The Southwest Collection Archive within the Special Collections Library at Texas Tech University acquires, describes, preserves, and makes accessible to scholars and the general public, archival collections of regional, national, and international significance.
The Southwest Collection/Special Collections Library recently debuted a new exhibit entitled “¡Yo Creo en Pancho Clos!” Items in this exhibit come from the SWC’s Bidal and Olga Agüero Papers and the Robert Narvaiz Collection, with some artifacts are on loan from Olga Agüero.
Chicano music legend Lalo Guerrero recorded his song “Pancho Claus” in 1956. The tune was a Chicano adaptation of the famous “A Visit from St. Nicholas” and created a figure that Chicano and Latino children could identify with. In Lubbock, Pancho Clos has become an endearing West Texas twist on Santa Claus, and is celebrating its 50th anniversary this year. The figure highlights the Mexican American community’s desire to incorporate a bit of their own culture into the city’s landscape.
According to SWC oral histories and local media articles, the tradition began in 1971 after Agustín T. Medina, Sr., Jesse Reyes, and Bidal Agüero presented the idea to the Lubbock American G. I. Forum. The membership loved it. After a flurry of ideas and suggestions the beloved character was born. Pancho Clos would have a full black beard, wear a serape, and don a sombrero.
The first event was an instant success. 3,000 children posed with Pancho Clos and received a sack filled with candy and other treats. As local churches began clamoring for Pancho Clos, his joyful spirit spread across the region. Soon, Pancho’s giving nature appeared in San Antonio, cities throughout Texas quickly adopting their own iterations. Houston’s Pancho, for instance, adopted a Pachuco-like flair, wearing a flashy red zoot suit and delivering gifts by lowrider.
Over the years the event has relied on numerous volunteers, organizations, and people believing in Pancho Clos. Local bike and car clubs, the American G. I. Forum, Fiestas Del Llano, Girl Scout Troops, the Maggie Trejo Center-City of Lubbock, Los Hermanos Familia, and El Editor have stepped in to keep the tradition alive. Many have embraced the chance to wear the suit: Mike Torres (the first Pancho Clos), Edward Quirino, Gonzalo Garza, and Julian Perez are just a few.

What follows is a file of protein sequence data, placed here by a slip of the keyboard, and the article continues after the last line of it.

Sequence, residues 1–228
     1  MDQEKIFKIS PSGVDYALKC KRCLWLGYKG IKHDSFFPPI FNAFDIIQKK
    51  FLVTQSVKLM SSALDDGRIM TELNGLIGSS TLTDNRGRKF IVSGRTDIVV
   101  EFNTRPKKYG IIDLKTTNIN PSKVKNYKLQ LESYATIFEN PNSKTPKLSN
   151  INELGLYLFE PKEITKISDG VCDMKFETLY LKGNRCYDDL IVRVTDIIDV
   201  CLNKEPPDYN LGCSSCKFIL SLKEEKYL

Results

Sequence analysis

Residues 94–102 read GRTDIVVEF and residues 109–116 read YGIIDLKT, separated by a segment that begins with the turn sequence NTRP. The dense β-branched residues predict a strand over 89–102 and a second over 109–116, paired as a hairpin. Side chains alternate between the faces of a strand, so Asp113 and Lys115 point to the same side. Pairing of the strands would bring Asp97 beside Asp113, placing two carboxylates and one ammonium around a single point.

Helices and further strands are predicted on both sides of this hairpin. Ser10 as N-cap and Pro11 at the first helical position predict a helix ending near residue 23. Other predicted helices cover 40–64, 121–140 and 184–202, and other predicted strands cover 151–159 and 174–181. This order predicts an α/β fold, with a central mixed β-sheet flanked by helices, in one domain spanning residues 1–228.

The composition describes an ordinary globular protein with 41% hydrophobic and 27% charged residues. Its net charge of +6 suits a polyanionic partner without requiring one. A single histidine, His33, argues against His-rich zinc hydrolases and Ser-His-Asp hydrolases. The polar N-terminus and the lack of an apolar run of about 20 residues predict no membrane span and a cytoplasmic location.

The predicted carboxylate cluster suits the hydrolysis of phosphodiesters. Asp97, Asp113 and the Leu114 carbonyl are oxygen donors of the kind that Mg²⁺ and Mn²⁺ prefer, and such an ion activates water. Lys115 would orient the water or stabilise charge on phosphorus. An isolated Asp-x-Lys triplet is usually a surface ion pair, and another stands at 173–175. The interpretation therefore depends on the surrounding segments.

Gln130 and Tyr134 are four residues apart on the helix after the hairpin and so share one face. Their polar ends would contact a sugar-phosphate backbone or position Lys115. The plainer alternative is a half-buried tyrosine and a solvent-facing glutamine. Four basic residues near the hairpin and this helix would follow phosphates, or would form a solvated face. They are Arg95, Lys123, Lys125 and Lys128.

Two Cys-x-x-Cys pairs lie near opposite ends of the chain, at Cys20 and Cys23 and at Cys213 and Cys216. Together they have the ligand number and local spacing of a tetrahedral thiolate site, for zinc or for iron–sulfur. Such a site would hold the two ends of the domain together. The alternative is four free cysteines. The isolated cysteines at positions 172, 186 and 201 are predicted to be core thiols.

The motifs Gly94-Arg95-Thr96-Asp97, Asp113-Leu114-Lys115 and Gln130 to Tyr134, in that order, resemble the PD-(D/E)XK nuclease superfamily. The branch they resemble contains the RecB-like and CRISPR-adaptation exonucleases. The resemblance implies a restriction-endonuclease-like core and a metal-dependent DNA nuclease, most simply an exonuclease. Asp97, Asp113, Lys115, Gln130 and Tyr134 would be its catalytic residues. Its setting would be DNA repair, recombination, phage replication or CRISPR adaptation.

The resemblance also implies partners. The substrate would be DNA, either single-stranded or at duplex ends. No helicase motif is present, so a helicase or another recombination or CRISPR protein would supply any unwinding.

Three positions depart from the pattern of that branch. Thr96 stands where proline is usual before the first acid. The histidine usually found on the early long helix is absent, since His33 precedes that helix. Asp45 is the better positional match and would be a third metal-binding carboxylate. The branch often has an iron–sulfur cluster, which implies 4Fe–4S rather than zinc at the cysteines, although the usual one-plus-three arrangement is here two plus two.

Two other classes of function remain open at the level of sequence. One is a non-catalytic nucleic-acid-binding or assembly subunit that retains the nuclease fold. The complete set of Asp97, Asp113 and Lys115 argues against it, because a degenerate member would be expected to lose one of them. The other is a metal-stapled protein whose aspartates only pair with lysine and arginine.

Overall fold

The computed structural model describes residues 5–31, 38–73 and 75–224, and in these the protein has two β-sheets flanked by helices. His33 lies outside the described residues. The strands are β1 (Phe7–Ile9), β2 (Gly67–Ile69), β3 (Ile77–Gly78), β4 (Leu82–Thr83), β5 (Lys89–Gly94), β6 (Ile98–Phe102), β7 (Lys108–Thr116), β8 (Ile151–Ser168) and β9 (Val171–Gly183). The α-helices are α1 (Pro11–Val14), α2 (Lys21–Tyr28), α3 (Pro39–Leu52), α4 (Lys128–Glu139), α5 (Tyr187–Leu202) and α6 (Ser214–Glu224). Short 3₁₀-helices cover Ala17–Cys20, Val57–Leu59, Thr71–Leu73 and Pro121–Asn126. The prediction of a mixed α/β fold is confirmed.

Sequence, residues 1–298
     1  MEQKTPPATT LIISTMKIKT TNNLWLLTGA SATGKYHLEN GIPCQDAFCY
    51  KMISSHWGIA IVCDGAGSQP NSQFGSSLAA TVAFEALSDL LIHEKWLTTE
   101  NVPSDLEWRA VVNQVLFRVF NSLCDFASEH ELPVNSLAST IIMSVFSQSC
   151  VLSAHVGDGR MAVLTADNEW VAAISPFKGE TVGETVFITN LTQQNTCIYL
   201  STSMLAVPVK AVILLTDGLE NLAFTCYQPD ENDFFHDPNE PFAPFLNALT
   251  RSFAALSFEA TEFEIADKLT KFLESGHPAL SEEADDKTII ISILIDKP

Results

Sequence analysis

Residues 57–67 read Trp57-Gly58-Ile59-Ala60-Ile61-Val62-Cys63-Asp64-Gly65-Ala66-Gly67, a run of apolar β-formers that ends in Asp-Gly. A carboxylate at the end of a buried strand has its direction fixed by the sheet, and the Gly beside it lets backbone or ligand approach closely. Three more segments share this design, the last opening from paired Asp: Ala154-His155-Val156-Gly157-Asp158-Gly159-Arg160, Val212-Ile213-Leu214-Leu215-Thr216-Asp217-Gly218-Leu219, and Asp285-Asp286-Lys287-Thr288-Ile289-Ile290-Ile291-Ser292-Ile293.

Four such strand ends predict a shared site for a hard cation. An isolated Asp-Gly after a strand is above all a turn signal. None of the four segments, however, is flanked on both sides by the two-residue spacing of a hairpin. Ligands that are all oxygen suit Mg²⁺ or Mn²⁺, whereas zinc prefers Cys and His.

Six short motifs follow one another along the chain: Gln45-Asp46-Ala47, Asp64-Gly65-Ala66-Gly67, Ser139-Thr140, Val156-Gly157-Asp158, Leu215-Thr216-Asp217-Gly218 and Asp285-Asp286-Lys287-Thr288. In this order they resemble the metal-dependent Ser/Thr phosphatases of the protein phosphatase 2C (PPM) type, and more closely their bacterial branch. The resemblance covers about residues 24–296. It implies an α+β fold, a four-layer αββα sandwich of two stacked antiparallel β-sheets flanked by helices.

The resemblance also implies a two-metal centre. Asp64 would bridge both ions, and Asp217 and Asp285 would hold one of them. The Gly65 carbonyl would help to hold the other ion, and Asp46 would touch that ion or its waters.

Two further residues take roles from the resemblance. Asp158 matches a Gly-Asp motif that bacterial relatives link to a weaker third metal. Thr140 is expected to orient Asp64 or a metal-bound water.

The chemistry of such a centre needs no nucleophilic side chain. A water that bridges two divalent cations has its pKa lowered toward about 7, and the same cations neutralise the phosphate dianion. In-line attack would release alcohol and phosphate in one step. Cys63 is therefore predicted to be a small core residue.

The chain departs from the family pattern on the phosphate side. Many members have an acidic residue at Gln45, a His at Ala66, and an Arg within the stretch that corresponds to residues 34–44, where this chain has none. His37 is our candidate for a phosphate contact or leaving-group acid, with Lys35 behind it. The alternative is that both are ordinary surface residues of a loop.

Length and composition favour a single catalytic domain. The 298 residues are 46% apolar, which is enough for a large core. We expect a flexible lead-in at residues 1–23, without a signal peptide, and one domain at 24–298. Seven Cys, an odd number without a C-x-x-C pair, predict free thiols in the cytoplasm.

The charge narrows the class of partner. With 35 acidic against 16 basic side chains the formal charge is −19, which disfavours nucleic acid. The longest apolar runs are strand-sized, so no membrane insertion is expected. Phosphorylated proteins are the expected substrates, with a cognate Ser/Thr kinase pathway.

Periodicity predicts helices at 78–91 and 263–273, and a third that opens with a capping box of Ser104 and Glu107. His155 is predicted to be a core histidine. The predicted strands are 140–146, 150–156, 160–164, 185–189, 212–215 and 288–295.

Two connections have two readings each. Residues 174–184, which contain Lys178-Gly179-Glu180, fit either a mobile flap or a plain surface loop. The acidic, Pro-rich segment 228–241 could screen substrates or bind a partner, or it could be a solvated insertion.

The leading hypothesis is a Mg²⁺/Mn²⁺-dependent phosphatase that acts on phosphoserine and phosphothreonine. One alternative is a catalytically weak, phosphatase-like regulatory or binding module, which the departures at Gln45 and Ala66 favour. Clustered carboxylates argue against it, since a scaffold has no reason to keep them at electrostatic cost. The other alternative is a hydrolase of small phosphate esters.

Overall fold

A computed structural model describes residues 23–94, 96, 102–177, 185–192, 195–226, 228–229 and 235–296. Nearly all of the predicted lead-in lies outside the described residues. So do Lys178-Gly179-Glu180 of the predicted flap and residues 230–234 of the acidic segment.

Additional tales of Pancho Clos can be found not just in the collections mentioned above, but also in the SWC’s Hispanic Oral History Collection, including the oral history interviews of Robert Narvaiz, Christy Martinez-Garcia, and Gonzalo Garza.
The Southwest Collection has recently been processing new manuscript materials from Olga Aguero and the late Bidal Aguero. The materials, consisting of photographs, newspapers, business records, and correspondences, highlight the vital and lasting impact of Chicano publications and culture in Lubbock and its surrounding areas. The diverse collection will contribute to Bidal Aguero’s pre-existing Papers as well as other Southwest Collection holdings that include the Miss Hispanic Lubbock Papers, the Lubbock Hispanic Chamber of Commerce Records, the digitized run of El Editor—the South Plains’ Spanish-language newspaper—and other important bi-lingual publications such as the West Texas Hispanic News. Historical gems such as a letter from Bidal Aguero to the Fiestas planning committee in 1977 illustrate how Mexican-Americans organized to create culturally relevant events for the Lubbock community while navigating political ambitions.
A Chicano activist, publisher, and businessperson, Bidal Aguero graduated from Texas Tech University in 1972. While at Texas Tech he joined the student organization Los Tertulianos and later assisted in founding the Texas Tech chapter of Movimiento Estudiantil Chicana/o de Aztlán (MECHA). In 1972 Aguero was instrumental in founding COMA (Commerciantes Organizacion Mexicano Americano), the Mexican American Chamber of Commerce, and he was heavily involved in political movements and community organizing in Lubbock and the surrounding areas. Moreover, he found and published the bilingual newspaper El Editor, a publication that highlighted and addressed issues related to the Latinx communities in the region. The newspaper has had a lasting impact in Lubbock and remains a cornerstone of Chicano cultural productions in the South Plains.